“I said, ‘Mike, call him back and see what he wants,’” Jackie said. “When he did, (Shelby) said something like, ‘You thought you were going to get away from me, huh?’”

Shelby just wanted to tell Michael he’d gotten a job to coach at IU.

He would be Hunter’s coach after all.


Four years later, Shelby can sum up Hunter in one word. He’s dependable — on and off the field.

“If I was going out of town, and I needed one of these knuckleheads to go lock my house up, I would give him the key,” Shelby said.

Shelby compared Hunter to a Cadillac.

He won’t have all the bells and whistles, Shelby said, but you know he’s going to be there and he’s going to do things right.

“He ain’t a Corvette,” Shelby said. “He ain’t a Hyundai Sonata, but he’s a good ol’ Cadillac, nice and steady, getting you down the road.”

On the field, Hunter is rarely in the wrong spot, ?Shelby said.

As a cornerback, you have to process the situation quickly, make a decision and act on it. Shelby said Hunter’s sharp mind helps him do that.

Hunter earned a 4.0 GPA in high school. After he graduates, he said he hopes to go to occupational therapy school or go into athletic ?administration.

He’s smart and respectful, Shelby said. Hunter’s the kind of guy he’d let his daughter marry.

“If I’m blessed enough to have children, I want my boy to be like Mike Hunter,” Shelby said. “That’s the God’s honest truth.”


A lot changed for Hunter after moving away from home, but his faith remained constant.

Every game day, Hunter wears a white T-shirt under his uniform. It says, “God First, Bro.” It’s so worn out by now you can barely read it.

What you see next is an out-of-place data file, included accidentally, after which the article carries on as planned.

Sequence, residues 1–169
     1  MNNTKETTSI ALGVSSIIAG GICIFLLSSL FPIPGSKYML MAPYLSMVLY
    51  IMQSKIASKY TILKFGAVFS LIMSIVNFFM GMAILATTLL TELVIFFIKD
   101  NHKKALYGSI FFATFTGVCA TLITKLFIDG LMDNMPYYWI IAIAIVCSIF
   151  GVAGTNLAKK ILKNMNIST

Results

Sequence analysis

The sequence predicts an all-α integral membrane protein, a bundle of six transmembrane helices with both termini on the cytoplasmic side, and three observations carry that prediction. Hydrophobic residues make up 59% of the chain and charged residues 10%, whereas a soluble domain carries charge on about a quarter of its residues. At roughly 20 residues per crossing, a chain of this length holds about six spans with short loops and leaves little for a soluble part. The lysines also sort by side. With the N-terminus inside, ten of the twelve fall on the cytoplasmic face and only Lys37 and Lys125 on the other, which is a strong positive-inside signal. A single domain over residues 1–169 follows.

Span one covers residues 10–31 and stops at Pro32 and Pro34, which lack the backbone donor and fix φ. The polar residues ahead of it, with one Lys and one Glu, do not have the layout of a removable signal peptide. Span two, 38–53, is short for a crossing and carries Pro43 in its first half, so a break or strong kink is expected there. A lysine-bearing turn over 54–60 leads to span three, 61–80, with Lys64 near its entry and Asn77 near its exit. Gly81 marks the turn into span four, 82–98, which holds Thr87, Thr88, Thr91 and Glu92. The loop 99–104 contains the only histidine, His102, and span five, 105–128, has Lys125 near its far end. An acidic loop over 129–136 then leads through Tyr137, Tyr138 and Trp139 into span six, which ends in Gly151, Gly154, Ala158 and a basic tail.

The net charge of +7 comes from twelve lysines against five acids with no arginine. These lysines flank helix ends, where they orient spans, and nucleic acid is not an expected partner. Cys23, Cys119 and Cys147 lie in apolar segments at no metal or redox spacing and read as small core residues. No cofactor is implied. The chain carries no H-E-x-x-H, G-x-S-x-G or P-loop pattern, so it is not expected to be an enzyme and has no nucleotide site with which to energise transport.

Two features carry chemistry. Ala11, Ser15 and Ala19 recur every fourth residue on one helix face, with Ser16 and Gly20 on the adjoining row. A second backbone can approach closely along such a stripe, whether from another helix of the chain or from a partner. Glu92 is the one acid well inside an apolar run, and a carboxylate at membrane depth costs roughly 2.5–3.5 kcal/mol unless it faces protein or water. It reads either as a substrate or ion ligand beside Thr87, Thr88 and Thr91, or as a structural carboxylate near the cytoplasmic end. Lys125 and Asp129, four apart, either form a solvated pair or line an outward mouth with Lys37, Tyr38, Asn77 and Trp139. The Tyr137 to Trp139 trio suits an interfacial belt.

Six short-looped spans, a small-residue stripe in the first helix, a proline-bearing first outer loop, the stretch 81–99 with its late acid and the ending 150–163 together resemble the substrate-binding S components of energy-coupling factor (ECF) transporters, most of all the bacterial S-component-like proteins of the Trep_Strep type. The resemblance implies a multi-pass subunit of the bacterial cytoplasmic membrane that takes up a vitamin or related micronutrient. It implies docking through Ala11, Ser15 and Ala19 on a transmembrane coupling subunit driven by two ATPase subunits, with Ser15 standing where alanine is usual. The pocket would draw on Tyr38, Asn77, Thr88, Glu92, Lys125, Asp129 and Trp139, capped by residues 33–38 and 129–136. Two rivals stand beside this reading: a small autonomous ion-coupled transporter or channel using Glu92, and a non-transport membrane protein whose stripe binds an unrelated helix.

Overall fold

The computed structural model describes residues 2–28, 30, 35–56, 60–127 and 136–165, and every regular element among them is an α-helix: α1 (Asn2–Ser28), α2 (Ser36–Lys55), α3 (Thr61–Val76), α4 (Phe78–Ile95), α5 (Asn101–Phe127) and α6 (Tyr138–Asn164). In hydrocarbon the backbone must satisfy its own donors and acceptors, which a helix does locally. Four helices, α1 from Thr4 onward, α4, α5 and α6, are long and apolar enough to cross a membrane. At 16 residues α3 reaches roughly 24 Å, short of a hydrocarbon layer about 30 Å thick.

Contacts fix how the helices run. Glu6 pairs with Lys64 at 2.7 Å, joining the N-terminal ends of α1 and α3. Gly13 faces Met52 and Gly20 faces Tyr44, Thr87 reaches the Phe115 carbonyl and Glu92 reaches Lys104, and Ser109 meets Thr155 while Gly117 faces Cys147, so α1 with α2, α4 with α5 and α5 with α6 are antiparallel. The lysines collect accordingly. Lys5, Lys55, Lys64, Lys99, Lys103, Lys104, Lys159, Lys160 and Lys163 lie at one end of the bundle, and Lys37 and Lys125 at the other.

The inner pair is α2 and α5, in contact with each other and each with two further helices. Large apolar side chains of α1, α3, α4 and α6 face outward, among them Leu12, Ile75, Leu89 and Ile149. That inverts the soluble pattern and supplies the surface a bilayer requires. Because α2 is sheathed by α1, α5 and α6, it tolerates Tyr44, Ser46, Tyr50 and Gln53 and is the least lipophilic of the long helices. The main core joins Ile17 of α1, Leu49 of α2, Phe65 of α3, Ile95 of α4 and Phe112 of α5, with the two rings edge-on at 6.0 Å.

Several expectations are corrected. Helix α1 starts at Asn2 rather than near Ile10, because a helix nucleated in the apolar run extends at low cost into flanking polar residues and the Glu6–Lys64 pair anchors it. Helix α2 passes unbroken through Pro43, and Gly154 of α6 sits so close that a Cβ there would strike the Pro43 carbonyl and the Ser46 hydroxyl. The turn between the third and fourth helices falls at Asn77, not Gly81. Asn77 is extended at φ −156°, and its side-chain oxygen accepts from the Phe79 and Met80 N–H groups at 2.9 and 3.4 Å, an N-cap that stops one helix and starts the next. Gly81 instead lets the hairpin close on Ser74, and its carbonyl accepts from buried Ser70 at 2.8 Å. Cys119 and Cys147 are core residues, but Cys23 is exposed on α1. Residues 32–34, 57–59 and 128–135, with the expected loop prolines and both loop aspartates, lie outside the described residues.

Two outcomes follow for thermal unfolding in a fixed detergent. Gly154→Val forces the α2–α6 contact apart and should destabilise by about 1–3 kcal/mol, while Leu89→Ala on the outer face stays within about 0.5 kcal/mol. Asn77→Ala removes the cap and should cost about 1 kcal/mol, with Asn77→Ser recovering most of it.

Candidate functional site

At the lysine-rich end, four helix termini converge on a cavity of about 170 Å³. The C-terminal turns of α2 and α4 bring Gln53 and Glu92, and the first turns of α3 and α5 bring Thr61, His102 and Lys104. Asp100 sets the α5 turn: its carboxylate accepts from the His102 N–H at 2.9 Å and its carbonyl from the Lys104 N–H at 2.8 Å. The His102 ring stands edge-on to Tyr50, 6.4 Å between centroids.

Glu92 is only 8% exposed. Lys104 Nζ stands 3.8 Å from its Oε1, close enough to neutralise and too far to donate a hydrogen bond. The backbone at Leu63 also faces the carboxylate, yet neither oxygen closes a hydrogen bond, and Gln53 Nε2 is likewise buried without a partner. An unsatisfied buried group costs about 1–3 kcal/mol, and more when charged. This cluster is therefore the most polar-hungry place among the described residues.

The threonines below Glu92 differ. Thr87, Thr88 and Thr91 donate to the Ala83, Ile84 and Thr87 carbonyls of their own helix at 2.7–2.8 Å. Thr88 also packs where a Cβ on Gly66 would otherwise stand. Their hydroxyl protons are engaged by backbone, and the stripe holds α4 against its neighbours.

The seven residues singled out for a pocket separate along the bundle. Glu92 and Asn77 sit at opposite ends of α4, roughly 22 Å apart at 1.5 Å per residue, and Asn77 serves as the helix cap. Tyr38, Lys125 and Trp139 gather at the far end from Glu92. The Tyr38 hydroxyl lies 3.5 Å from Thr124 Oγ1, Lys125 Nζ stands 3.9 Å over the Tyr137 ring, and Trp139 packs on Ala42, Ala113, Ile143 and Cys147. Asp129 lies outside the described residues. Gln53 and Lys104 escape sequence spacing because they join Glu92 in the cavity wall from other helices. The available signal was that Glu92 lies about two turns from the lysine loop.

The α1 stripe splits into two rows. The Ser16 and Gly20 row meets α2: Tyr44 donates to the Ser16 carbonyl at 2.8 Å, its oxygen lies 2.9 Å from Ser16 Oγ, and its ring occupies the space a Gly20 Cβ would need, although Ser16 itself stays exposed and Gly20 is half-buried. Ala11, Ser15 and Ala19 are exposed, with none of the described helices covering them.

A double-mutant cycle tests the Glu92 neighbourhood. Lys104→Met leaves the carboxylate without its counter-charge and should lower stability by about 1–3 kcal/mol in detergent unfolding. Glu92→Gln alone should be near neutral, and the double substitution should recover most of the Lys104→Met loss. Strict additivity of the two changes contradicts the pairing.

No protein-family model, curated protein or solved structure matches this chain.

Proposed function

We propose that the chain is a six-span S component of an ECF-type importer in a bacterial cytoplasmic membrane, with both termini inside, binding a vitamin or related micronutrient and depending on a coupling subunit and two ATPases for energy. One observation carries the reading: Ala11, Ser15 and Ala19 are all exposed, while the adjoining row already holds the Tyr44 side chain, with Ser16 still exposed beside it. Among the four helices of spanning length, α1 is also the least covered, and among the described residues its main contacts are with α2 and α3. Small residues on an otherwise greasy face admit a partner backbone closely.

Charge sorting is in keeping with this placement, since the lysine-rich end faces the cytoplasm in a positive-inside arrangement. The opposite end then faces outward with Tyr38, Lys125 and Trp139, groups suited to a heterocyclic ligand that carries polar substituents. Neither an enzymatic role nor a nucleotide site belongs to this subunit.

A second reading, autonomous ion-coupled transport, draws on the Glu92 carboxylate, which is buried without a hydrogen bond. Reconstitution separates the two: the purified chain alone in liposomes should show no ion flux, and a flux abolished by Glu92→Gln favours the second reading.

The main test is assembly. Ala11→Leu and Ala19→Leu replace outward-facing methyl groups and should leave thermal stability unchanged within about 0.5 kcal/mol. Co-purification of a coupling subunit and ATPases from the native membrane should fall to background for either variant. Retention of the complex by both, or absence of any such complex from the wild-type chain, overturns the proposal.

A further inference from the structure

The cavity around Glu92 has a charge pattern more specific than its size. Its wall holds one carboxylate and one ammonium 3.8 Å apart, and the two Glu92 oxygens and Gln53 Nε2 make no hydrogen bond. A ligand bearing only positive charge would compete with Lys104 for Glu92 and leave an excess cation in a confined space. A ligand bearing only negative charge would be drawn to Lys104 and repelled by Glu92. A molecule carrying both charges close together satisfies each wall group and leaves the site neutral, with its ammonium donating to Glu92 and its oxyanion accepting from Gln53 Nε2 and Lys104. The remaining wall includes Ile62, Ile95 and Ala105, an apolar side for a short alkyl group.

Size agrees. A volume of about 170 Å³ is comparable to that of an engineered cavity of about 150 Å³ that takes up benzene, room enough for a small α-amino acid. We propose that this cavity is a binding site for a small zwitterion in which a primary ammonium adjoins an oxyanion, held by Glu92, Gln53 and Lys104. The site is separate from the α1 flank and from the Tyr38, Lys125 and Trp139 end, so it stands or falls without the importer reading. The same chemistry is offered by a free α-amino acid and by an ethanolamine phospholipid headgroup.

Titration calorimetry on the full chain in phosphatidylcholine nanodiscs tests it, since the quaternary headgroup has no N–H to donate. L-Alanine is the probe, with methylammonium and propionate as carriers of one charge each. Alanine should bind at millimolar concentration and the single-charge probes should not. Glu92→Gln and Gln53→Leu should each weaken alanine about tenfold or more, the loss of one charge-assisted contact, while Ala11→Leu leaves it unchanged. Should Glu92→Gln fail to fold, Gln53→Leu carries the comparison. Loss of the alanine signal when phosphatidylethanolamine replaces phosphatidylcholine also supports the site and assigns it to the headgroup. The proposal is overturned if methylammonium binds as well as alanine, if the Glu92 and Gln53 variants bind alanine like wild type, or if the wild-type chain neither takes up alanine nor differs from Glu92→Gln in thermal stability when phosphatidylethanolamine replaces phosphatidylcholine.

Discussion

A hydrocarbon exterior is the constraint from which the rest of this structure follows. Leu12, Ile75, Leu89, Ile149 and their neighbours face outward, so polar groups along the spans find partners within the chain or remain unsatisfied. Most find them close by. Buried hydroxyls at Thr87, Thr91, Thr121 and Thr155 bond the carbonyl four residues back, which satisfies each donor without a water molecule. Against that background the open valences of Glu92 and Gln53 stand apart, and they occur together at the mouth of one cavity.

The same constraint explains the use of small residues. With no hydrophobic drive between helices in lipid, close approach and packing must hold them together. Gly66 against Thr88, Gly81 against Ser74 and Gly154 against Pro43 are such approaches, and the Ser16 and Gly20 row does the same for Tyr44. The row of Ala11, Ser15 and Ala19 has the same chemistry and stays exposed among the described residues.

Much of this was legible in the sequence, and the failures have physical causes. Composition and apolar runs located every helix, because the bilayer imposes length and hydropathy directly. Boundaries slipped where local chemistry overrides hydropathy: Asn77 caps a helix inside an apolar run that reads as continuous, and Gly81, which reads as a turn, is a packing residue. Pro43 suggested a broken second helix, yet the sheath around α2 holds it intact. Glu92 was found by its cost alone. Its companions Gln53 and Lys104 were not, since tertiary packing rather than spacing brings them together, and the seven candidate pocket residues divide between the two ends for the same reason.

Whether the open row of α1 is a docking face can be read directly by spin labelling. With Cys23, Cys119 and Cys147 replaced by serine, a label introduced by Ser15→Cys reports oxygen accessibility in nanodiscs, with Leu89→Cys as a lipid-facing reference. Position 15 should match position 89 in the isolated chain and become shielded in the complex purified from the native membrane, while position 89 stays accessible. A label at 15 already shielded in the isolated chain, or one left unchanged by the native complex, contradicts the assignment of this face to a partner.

Before the game, Hunter listens to a mix of gospel music and rap. He admits it’s a strange combination, but it works for him.

If he doesn’t get a chance to text his parents, they’ll text him, “praying for you, have a good game.”

Since leaving home for Bloomington four years ago, Hunter hasn’t strayed from the values he was taught in Monroe. That’s what Jackie said makes her most proud.

Michael was raised in a religious home. His grandfather was a preacher. So is his uncle, whose church the Hunters ?attend every Sunday morning.

Hunter has learned to stay positive in difficult situations. Someone’s always worse off than you are, he said.

“That’s how he thinks about a lot of things,” Jackie said. “What would my granddaddy do, or what would my uncle be proud of me for not doing? That’s helped him make a lot of responsible ?decisions.”

He said at first it was tough. During freshman year, he often wanted to go home. But it’s not like that anymore.

“I think it paid off,” he said. “I’ve become a better person. I’m just blessed to have the opportunity to play college football at Indiana.”


Hunter is lucky if he gets back to Monroe twice a year.

When he arrives home in December, one of his first stops is Raising Cane’s. The popular fast food restaurant offers chicken fingers as its only main course, but it’s Hunter’s favorite meal.

Raising Cane’s is unfamiliar to most Midwesterners. Its closest location to Bloomington is in Columbus, Ohio. The first Raising Cane’s opened at the North Gates of the LSU campus, and the chain remains predominantly in the southern states.

In junior high, Hunter would visit three or four times a week.

“I just love the sauce for some reason,” Hunter said. “It’s literally the same thing every day, chicken fingers and fries.”

But most of all, it reminds him of home. And back in Monroe, before Raising Cane’s, that’s where Hunter goes.

Little has changed. For the short time he’s in town, he’ll visit his grandparents every day.

He’ll see friends who also went on to play college football. Around the house, his little sisters will be all over him.

And Jamie still wants to be just like her older brother.

“To this day, you ask her where she’s going to school,” Jackie said. “She says, ‘I’m going to Indiana, where brother went.’”